Before bed each of us arranged our presents in a pile, with a smaller pile for Stephen, to be enjoyed all over again tomorrow. Tired and happy I went to bed wishing it could be Christmas every day, but I knew that next year I would have anther lovey Christmas just like the all the others I could remember. In the night the snow began to fall.
Monday, 1 December 2014
When I reached home, red cheeked after the mile and a half walk from the bus in the cold sharp wind, I could smell a warm spiciness in the kitchen. My mother was making the Christmas puddings. The mixture was waiting in the large china bowl with the wooden spoon, ready for me to give it a stir and make a wish - and taste a little bit. I helped spoon the mixture into several smaller china basins and my mother tied large pieces of cotton cloth over the tops making a handle from the ends. Tomorrow the kitchen would be a warm haze of steam while they sat for hours in the large galvanised steamer, the water at a steady simmer.
Christmas had begun, but it was still an achingly long time to wait for an eight year old. Gazing into the toy shop on the way home from school where I changed buses I'd already picked out some items for my Christmas list; mostly things to add to my toy farm and miniature garden. I planned what to buy for my three big sisters and new baby brother and wondered how far my savings would stretch.
The next day there was more mixing and tasting: the cake. My mother always left plenty of the rich and fruity mixture in the bowl to be scraped out and eaten raw. At the weekend my eldest sister, Judy, would carefully ice and decorate it with coloured lines of icing spelling 'Happy Christmas' and green marzipan holly leaves and red berries. The smell of the cake baking was complemented by the fresh aroma from the annual crate of oranges. Each brightly coloured fruit was wrapped in tissue proclaiming its provenance from an exotic sunny country. This year there was a crate of apples too. Every evening each member of the family would choose a fruit to be eaten after tea in front of the roaring log fire.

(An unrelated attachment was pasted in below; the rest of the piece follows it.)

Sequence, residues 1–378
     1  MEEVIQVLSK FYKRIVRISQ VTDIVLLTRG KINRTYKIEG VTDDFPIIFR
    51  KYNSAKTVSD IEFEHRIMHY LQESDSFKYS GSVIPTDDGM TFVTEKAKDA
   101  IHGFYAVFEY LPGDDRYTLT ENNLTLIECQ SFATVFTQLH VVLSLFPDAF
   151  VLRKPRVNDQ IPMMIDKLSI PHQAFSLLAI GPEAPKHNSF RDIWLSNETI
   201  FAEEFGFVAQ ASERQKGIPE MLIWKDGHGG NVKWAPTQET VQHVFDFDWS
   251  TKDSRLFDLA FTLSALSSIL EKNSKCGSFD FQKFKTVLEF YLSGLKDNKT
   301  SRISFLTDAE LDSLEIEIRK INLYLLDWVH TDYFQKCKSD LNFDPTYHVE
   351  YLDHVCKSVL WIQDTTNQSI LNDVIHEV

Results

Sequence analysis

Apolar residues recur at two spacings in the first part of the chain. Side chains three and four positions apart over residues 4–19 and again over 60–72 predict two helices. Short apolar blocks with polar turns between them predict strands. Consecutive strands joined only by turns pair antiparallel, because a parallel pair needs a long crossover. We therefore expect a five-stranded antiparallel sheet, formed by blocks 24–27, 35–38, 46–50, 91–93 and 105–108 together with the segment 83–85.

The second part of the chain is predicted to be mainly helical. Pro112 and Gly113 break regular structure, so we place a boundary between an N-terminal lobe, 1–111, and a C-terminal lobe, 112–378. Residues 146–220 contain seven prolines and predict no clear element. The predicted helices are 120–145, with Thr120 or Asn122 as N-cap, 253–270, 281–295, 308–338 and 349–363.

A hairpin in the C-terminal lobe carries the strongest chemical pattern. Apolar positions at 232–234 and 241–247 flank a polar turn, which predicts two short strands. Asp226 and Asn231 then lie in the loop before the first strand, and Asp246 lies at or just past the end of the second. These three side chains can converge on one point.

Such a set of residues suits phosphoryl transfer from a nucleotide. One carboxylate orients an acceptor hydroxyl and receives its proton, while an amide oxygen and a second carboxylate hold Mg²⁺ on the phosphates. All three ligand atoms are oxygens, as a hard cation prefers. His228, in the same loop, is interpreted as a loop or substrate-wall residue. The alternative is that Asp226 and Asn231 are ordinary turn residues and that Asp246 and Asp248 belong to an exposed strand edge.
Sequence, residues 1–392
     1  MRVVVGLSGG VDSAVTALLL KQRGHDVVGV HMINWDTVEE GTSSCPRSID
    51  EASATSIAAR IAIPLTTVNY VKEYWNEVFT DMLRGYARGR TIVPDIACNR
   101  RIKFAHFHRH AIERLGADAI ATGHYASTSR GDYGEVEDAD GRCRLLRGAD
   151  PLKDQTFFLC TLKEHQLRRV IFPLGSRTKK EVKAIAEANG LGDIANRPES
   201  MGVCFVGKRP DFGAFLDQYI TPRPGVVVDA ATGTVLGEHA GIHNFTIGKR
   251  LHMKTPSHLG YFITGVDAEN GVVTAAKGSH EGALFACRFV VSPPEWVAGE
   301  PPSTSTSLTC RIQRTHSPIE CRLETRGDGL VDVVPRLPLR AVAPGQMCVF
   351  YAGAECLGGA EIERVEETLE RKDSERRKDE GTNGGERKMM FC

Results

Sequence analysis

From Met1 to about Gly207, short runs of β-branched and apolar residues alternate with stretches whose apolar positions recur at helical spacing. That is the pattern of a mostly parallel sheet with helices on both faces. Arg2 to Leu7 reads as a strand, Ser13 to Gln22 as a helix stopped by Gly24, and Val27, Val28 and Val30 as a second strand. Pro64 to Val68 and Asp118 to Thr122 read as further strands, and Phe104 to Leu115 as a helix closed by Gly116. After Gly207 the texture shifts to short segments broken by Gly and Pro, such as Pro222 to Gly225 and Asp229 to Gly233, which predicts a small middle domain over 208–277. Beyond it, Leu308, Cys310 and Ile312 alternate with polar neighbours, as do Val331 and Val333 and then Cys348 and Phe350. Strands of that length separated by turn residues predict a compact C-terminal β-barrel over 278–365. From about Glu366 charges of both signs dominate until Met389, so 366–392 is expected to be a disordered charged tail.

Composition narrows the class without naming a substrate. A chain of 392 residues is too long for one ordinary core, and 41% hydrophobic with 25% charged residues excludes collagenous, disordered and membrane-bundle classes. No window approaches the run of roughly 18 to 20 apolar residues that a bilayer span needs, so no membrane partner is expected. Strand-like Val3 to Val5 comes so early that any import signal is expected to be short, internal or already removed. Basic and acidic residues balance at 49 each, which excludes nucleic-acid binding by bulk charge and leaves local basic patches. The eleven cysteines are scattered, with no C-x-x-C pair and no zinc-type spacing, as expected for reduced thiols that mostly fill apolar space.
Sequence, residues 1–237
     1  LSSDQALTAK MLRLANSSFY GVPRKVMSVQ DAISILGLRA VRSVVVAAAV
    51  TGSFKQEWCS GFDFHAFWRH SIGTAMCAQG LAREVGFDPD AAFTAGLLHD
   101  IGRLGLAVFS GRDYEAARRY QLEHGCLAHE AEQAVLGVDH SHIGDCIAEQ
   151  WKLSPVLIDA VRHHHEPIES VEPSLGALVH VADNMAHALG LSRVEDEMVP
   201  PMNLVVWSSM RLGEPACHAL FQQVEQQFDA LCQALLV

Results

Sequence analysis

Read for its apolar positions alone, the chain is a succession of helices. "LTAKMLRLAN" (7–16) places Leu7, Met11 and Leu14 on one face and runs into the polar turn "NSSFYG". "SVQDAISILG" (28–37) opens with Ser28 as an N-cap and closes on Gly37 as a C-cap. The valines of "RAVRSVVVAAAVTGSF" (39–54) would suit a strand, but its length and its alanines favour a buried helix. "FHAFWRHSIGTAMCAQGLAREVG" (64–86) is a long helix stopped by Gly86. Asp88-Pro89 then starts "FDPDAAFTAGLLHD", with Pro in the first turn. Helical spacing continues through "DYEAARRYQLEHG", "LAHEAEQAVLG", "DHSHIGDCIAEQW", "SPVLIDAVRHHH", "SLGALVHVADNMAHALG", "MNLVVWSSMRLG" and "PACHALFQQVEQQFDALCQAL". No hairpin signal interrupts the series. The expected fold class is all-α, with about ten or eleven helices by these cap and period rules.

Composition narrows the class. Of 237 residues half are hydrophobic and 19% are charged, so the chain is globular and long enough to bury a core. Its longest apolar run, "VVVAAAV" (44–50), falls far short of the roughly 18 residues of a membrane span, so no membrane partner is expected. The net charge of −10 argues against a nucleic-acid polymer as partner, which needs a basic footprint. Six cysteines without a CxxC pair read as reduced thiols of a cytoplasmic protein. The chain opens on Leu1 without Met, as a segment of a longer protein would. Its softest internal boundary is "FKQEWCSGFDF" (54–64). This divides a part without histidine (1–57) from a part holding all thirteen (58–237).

Mince pies, with the mince oozing out, were baked and stored in tins for visitors. Stu, the postman, his pipe clamped firmly in his teeth while he rode his rounds on his Post Office bicycle came laden with cards and the occasional parcel, but he still had time for a cup of coffee. The sweet aroma of his pipe tobacco lingered in the air after he had gone.
Judy retrieved the Christmas decorations from the musty cupboard beneath the stairs and examined them, selecting those she deemed fit for another year. This year she added baubles and tinsel leftover from her Christmas window display at the department store where she worked as a display artist. The crepe streamers might just do once more. Strings were pinned into the sitting room’s old walls to hold the numerous cards that were arriving. Those from our mother’s friends and relations in Australia came in the first batch, their pictures of koalas and kookaburras contrasting with robins in the snow and carol singers outside quaint English churches.
The arrival of the Christmas tree brought a new aroma into the house; its sprucy scent mingling with the rest. The fairy lights, as always, didn’t work the first time but patient testing of each minute bulb to find the culprit was rewarded and the colours shone out once more. This year Judy made a star for the top of the tree, declaring the fairy doll to be too old-fashioned. Our father came in from his farm chores with two fine bundles of mistletoe cut down from apple trees in the orchard. While my sisters hung the smaller one from the light fitting in the centre of the sitting-room he fixed the large one to sway from the ceiling in the hall. Everybody helped cut the holly bearing bright red berries and arranged it around the room, with shrieks when fingers were stabbed by its dark shining prickly leaves.